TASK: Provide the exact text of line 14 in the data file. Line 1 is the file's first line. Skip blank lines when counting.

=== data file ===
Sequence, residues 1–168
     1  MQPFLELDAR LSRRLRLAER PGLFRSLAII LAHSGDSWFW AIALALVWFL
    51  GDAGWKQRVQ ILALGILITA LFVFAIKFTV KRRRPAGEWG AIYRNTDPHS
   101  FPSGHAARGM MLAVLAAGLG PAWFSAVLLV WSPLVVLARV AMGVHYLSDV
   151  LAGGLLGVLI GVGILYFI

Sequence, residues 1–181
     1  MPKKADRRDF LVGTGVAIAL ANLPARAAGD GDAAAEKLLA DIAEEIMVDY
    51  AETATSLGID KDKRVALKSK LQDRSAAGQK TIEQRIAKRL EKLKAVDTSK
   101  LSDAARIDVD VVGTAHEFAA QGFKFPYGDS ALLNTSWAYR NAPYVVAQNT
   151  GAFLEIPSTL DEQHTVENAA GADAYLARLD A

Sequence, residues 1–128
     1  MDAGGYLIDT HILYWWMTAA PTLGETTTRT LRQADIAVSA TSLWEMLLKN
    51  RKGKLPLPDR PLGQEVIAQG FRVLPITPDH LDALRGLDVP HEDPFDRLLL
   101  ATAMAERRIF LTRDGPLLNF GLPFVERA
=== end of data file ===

   101  ATAMAERRIF LTRDGPLLNF GLPFVERA